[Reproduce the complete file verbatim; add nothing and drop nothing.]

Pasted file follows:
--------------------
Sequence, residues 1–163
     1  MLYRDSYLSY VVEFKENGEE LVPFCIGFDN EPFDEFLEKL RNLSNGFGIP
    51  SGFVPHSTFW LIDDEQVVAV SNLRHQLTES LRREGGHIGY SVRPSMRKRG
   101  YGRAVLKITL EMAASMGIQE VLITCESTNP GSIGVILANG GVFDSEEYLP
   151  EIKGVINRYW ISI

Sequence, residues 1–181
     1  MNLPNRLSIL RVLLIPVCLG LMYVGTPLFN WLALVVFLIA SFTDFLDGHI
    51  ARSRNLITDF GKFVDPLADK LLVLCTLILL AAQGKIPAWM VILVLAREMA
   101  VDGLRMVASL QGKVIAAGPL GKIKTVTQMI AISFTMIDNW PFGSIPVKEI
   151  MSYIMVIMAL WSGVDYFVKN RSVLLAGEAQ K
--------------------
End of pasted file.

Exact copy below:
Sequence, residues 1–163
     1  MLYRDSYLSY VVEFKENGEE LVPFCIGFDN EPFDEFLEKL RNLSNGFGIP
    51  SGFVPHSTFW LIDDEQVVAV SNLRHQLTES LRREGGHIGY SVRPSMRKRG
   101  YGRAVLKITL EMAASMGIQE VLITCESTNP GSIGVILANG GVFDSEEYLP
   151  EIKGVINRYW ISI

Sequence, residues 1–181
     1  MNLPNRLSIL RVLLIPVCLG LMYVGTPLFN WLALVVFLIA SFTDFLDGHI
    51  ARSRNLITDF GKFVDPLADK LLVLCTLILL AAQGKIPAWM VILVLAREMA
   101  VDGLRMVASL QGKVIAAGPL GKIKTVTQMI AISFTMIDNW PFGSIPVKEI
   151  MSYIMVIMAL WSGVDYFVKN RSVLLAGEAQ K